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Wood F, Wessely S. Peer Review of Grant Applications: A Systematic Review. 2003.
Please use this identifier to cite or link to this item: http://e-publications.une.edu.au/1959.11/515
Peer Review of Grant Applications: A Systematic Review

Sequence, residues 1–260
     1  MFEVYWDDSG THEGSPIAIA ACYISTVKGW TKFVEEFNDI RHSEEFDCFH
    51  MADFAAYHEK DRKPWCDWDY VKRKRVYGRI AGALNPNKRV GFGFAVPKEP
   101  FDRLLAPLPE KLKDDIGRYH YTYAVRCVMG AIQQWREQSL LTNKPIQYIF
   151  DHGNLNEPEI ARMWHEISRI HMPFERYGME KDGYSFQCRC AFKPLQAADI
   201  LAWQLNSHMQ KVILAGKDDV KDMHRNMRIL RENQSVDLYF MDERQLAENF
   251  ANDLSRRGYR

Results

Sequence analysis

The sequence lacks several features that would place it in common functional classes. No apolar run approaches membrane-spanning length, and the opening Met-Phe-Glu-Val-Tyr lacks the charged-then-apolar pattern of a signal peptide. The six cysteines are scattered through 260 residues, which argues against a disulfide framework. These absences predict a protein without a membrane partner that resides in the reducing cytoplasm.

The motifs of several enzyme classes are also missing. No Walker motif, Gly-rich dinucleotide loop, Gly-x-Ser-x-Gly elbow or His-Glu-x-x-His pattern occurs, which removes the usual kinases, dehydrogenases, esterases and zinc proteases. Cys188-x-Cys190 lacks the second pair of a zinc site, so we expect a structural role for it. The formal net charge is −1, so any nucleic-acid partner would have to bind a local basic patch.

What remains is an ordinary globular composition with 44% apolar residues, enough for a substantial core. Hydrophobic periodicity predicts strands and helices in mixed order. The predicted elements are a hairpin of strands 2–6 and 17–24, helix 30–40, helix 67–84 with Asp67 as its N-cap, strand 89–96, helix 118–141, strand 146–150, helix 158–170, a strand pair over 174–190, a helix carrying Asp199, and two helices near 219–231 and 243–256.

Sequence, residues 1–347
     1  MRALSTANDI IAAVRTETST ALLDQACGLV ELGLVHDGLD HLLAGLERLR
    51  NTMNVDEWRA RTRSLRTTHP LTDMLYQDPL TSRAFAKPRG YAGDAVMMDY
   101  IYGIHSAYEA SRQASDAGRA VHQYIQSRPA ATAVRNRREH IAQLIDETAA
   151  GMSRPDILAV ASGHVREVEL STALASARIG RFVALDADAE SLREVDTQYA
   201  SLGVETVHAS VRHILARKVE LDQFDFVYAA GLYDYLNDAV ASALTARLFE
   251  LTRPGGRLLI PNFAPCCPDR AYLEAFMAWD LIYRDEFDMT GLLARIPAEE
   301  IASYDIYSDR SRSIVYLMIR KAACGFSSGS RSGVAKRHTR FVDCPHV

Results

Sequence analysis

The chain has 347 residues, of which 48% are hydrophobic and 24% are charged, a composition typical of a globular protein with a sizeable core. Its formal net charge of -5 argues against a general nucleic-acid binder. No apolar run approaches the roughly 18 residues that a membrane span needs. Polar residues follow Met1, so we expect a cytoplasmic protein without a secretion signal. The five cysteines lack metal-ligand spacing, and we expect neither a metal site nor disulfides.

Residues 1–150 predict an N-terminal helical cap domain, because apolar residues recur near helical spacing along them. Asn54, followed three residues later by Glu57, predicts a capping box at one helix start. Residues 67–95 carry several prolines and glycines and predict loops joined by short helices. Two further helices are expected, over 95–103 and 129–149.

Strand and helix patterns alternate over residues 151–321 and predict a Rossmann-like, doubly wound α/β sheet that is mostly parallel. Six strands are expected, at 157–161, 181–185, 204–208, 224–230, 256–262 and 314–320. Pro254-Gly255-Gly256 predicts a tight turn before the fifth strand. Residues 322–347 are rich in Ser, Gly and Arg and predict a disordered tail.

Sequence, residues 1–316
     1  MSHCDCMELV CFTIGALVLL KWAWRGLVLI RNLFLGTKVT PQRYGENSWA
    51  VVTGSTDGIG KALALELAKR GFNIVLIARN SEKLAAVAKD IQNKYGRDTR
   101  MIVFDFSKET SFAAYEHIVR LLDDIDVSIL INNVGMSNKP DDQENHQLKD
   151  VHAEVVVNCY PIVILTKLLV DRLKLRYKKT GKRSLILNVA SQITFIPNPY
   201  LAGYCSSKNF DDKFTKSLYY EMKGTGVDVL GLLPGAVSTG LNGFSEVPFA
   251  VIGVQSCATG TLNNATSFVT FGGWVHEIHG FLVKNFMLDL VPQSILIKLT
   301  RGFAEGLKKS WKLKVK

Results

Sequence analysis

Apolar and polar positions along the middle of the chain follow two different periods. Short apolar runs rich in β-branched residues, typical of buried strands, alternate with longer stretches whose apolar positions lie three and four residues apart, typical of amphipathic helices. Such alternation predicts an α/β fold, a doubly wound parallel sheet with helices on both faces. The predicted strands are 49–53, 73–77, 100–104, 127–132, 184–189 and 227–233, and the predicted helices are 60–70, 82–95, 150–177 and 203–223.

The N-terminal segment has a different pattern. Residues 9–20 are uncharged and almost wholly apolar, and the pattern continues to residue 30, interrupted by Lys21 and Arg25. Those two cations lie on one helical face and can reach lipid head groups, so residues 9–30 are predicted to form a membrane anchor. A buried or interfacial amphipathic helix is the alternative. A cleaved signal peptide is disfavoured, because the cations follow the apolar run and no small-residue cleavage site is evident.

This chapter presents a systematic review of the empirical literature on peer review and grant applications. As a base for interpreting this review, brief historical and contextual information about research grant funding agencies and the peer review process is provided. The authors stress that peer review is only one means to an end - it is not the end itself. There have been numerous criticisms of peer review in the context of grant giving, chiefly centred on claims of bias, inefficiency, and suppression of innovation. We conclude here that, with certain exceptions, peer review processes as operated by the major funding bodies are generally fair. The major tension exists in finding reviewers free from conflict of interest who are also true peers. We find little evidence to support a greater use of "blind" reviewing, or of replacing peer review by some form of citation analysis. The chapter draws attention to the increased costs in both time and resources devoted to peer review of grant applications, and suggests that some reforms are now necessary. We are unable to substantiate or refute the charge that peer review suppresses innovation in science in general we conclude that peer review is an effective mechanism for preventing the wastage of resources on poor science - but whether it supports the truly innovative and inspirational science remains unanswerable. Finally, the chapter draws attention to the paucity of empirical research in an area of crucial importance to the health of science and recommends that ways for improving international understanding, debate, and sharing of "best practice" about peer review of grants be investigated.